In 1994, Dimon hired Bisignano to run operations at Smith Barney. As Dimon and Sandy Weill made acquisition after acquisition, culminating in the purchase of Citicorp in 1998, Bisignano’s roles in everything from IT to purchasing steadily grew. By 2001, Citi had 16,000 staffers in downtown Manhattan, many working for Bisignano. On the morning of Sept. 11, after the first World Trade Center tower fell, Bisignano rushed to the street, megaphone in hand, and yelled, “Walk north!” He then led thousands of Citi workers to safety at an operations hub on West 34th Street, and later kept Citi’s computers running amid the post-attack chaos.
Bisignano also proved that he could revive underperformers. In 2002 he took over Citigroup’s Global Transaction Services, a money-losing backwater; he reinvented it as a center where multinationals could outsource accounting and foreign-exchange transactions, and by 2005 it was generating more than $1 billion in annual profit. In late 2005, Dimon lured Bisignano away from Citigroup to be chief administrative officer at J.P. Morgan Chase; there he turned around a mortgage business encompassing the foreclosure-laden portfolio of the former Washington Mutual. (Bisignano accomplished that after his fight with throat cancer, a condition that he speculates may have come from working in toxic soot after 9/11.)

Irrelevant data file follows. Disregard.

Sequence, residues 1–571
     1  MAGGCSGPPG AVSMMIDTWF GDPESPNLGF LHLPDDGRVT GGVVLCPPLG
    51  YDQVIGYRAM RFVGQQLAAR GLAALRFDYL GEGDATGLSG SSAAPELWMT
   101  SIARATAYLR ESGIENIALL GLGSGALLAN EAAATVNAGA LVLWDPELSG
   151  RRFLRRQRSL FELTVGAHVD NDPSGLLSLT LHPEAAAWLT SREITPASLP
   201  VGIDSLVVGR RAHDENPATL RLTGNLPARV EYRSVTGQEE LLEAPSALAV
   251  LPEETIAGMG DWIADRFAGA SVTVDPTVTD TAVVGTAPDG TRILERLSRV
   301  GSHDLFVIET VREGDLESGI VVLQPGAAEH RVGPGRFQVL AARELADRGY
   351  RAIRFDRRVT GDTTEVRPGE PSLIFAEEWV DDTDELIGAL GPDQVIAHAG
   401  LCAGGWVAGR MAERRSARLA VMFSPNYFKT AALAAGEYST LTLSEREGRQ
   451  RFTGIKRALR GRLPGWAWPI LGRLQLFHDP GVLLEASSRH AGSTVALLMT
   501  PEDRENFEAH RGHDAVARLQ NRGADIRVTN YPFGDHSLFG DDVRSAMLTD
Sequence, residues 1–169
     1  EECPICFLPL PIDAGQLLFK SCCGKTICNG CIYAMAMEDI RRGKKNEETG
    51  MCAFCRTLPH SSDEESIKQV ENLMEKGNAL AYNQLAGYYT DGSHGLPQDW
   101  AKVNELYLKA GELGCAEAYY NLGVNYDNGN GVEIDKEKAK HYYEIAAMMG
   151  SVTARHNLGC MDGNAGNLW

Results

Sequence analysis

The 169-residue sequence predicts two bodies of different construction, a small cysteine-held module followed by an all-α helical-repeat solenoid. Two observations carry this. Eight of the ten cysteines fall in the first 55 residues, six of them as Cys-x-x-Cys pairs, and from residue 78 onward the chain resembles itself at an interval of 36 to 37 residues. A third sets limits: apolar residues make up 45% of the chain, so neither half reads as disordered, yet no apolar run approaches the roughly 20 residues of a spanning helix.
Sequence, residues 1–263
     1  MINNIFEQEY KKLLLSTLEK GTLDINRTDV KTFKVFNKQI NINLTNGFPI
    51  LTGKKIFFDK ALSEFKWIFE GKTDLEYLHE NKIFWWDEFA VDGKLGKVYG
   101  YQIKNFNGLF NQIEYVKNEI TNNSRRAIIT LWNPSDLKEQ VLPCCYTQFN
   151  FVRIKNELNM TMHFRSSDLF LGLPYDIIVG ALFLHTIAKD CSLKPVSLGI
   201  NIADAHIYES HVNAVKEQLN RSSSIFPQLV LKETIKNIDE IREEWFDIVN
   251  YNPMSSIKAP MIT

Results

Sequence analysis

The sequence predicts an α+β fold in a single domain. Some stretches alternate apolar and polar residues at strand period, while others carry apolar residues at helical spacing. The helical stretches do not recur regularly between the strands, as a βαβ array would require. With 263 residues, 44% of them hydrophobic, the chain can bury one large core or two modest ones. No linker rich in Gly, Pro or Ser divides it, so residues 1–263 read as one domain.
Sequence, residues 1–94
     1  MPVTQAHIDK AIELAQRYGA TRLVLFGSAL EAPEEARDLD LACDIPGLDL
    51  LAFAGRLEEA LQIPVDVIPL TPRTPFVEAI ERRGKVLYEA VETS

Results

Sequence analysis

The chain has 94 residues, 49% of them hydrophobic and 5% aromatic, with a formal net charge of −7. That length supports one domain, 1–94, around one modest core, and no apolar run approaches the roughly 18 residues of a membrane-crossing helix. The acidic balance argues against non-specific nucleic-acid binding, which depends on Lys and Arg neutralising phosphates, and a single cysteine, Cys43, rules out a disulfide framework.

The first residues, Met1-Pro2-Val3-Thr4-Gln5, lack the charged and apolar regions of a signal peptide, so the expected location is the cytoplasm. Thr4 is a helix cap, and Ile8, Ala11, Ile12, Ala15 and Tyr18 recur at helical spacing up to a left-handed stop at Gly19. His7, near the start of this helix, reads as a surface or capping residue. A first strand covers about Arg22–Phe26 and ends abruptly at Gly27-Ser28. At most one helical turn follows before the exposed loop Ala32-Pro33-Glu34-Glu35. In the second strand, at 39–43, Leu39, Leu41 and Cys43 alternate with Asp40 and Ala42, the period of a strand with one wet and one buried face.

In 2012, Dimon promoted Bisignano to co-COO. But Bisignano felt ready for a top job. “All my mentors, like Sandy Weill and Jim Robinson [ex-CEO of American Express] said it was time,” says Bisignano. One Thursday in 2013, Nuttall says, he heard from old Citi friends of Bisignano’s (including Joe Plumeri, who’d gone on to run an insurer for KKR), confiding that “A little birdie says Frank might be willing to make a move.” Two days later, Bisignano and Nuttall were face-to-face at the Hilton.
There were plenty of problems on the menu. KKR’s buyout had burdened First Data with $22.6 billion in debt, at extremely high interest rates. “The thesis was that First Data would innovate and keep growing,” says Nuttall, “so as cash flow would keep rising, we’d pay down the debt,” reaping outsize returns as equity expanded. But the deal closed in September 2007—just before the Great Recession, when credit and debit card transactions dropped sharply. Beginning in 2010, First Data’s revenue stopped growing for the first time ever; cash flow plummeted too. And First Data’s processing services were becoming commoditized: Each year, Nuttall says, the company lost about 15% of its merchant customers to competitors that offered lower fees and better service.